Cambodian soldiers forcefully quelled a demonstration by garment factory workers who were striking for better pay Thursday, detaining Buddhist monks and labor leaders.
Soldiers from a military special command unit carrying metal pipes, knives, AK-47 rifles, slingshots and batons clashed with workers at a factory in an outlying area of Phnom Penh, local human rights group LICADHO said. Its statement said 10 people were taken into military custody and that monks and workers were beaten.
National Military Police spokesman Kheng Tito said those arrested had led hundreds of protesting workers in trying to destroy factory property by throwing stones and iron objects.
Workers at most of the country's more than 500 garment factories are on strike, demanding an increase in the minimum wage to $160 a month, double the current rate. The government has offered $100 a month.
The violence comes at a time of political stress, as the opposition Cambodia National Rescue Party has protested daily for Prime Minister Hun Sen to step down and call new elections. Hun Sen won elections last July that extended his 28-year rule in the poor Southeast Asia nation, but protesters led by opposition head Sam Rainsy accuse him of rigging the vote. Hun Sen has rejected their demand.
Although the wage and election issues are not directly linked, Cambodia's opposition has had long and close ties with the country's labor movement.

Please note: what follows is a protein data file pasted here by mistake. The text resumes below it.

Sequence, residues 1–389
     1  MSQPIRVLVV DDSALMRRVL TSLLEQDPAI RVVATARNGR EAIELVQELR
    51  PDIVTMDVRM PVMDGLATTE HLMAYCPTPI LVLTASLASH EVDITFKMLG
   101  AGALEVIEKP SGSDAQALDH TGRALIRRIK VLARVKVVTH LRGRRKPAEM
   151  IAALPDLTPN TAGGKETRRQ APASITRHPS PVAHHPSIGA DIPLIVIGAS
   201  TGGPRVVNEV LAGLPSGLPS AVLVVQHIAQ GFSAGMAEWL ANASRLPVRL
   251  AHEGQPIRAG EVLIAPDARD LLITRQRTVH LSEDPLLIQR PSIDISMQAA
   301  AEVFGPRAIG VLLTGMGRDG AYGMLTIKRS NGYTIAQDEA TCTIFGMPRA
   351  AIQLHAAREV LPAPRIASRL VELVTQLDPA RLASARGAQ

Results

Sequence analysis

The workers represent a potent political force, because the garment industry is Cambodia's biggest export earner, employing about 500,000 people in garment and shoe factories. In 2012, the Southeast Asian country shipped more $4 billion worth of products to the United States and Europe.
On Sunday, many workers joined a massive political rally organized by the opposition.
The Garment Manufacturers Association in Cambodia has called for factory owners to close their plants, ostensibly for fear of damage by protesters. The situation puts pressure both on the workers, who go without pay, and the government, which relies on garment exports to power the economy.
In an evident effort to increase the pressure on Hun Sen, the association on Thursday sent a letter to the government asking that their members be allowed to export capital equipment to other countries, because they were unable to operate in Cambodia. There was no immediate response from the government.
LICADHO said that "The use of (military) Special Command Unit 911 to suppress demonstrations near Yak Jin factory in Phnom Penh's Pursenchey district is unprecedented and signals a disturbing new tactic by authorities to quash what have been largely peaceful protests."
"Some of those held are believed to have been severely beaten as they were arrested," it said.